return StringIO.StringIO(body)
httpd = server(server_address, MyHandler)
print "Starting server..."
except KeyboardInterrupt:
Category: Python, Software | Tags: , ,

Unlocked Windows Tools

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I was reading about the iKAT tools; I came across their set of binaries that don’t obey GP. These are awesome and if you couple them with the base64 file encoding proxy I wrote a while ago. With this you should be able to get full cmd access on just about any environment where you have internet access. the tools included in the iKAT package are:
And the complete zip is mirrored here.

Windows 8 First Impressions

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My first impressions of windows 8 were somewhat exactly what I expected the install was great. I deleted my partitions and hit go. Went to sleep. Low and behold it was not waiting for me at some pesky config screen asking about my timezone. It was done I had to do a few house keeping configs like create accounts and put in the wifi settings but none of the hassle that xp and 7 installs had. Now I was installing this on an older machine a hp-210 netbook to be exact. It has a tiny dual core 1Ghz Intel atom and only a couple of gigs of RAM. Which is well within the system requirements for a 32bit OS. Wanting to try out this metro hooha I clicked on a metro app and was greeted by a message stating that my resolution was to low in face it was only about 178 pixels to low. I figured they all couldn’t be broken for something like a screen resolution but they were, all except the new faithful looking desktop app. So clicking the desktop app I have a task bar without the start button. I need a start button. It did however show me in a handy tooltip if I corner my mouse I get a settings dock. Finding me screen resolution settings I tried to up it so I could use the metro apps. But my screen only supports up to 600 pixels so just like every operating system I ever use it requires some hacking before it works like they say it does. I found the regKey “Display1_DownScalingSupported” after a bit of googling it’s a Boolean either 1 or 0 and setting it to 1 allows you to set your resolution beyond that of your screen with some funky downscaling majik but IMO it looks like crap on my 1024×600 screen but the metro apps now work. And after all this I still don’t like this new crazy interface.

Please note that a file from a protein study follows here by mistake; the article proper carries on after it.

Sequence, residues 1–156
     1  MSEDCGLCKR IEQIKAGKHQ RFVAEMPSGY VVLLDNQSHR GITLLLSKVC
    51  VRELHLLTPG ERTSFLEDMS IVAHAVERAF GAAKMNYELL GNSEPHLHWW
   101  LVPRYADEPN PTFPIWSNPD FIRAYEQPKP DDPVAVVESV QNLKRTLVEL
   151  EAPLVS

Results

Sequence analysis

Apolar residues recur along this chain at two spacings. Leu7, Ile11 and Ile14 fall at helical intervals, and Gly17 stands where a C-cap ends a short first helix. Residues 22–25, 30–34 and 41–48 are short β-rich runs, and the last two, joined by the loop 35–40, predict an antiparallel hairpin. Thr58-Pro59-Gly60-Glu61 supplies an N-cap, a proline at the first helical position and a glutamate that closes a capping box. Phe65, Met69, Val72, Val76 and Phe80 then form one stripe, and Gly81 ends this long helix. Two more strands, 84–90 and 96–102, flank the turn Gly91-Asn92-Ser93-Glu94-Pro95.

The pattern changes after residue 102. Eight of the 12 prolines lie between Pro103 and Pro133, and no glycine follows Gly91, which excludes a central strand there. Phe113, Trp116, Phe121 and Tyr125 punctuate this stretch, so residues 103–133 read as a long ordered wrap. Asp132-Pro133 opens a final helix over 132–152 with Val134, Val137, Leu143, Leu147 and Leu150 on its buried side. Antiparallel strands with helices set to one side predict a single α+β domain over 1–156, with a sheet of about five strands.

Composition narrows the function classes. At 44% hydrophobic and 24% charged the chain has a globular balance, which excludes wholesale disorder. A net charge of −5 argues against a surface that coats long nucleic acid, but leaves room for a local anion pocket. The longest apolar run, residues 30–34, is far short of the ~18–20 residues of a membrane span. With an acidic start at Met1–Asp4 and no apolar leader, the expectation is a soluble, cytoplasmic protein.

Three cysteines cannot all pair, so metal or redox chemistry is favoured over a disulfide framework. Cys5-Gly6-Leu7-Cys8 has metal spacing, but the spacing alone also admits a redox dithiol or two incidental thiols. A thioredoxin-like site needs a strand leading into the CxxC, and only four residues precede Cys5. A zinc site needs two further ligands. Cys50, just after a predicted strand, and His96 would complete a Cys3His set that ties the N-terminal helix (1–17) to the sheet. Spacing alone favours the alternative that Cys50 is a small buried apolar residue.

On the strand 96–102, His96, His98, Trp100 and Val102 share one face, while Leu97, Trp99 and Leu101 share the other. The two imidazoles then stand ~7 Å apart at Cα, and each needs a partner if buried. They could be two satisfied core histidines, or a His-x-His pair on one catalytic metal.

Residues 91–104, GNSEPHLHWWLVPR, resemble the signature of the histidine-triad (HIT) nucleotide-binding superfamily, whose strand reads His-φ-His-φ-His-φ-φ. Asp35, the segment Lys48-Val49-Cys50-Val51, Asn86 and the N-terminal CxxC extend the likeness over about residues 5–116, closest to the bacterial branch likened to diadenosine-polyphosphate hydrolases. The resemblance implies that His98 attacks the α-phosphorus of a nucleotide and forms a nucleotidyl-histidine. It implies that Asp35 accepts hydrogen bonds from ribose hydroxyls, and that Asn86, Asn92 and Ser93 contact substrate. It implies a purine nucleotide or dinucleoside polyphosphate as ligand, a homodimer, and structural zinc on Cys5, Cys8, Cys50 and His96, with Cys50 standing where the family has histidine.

Category: Phones, Software | Tags: ,

Compressing GUIDs

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GUIDs are the Globally unique Identifiers used by windows to install and identify software; they are used in the registry to ensure that keys used that piece of software are unique, a normal guid will look like this {XXXXXXXX-XXXX-XXXX-XXXX-XXXXXXXXXXXX} but this guid is only one of the ways software will identify it’s self in the registry. You can also have a compressed GUID which you can get from a normal GUID by following this process

The first group of eight hexadecimal digits are placed in reverse order:


The same is done with the second group of four hexadecimal digits:

IJKL becomes LKJI

The same is done with the third group of four hexadecimal digits:

MNOP becomes PONM

In the fourth group of four hexadecimal digits, every two digits switch places:

1234 becomes 2143

In the last group of 12 hexadecimal digits, again every two digits switch places:

Lastly remove all {} ans -’s

python function to do this for you

compress_guid=(lambda guid:"".join(map(lambda x: x[::-1],guid[0:3])+map(lambda x:''.join([x[i:(i+2):][::-1]for i in range(0,len(x),2)]),guid[4:])))

compressed GUIDs occur in various places in the registry common ones being
and somewhere under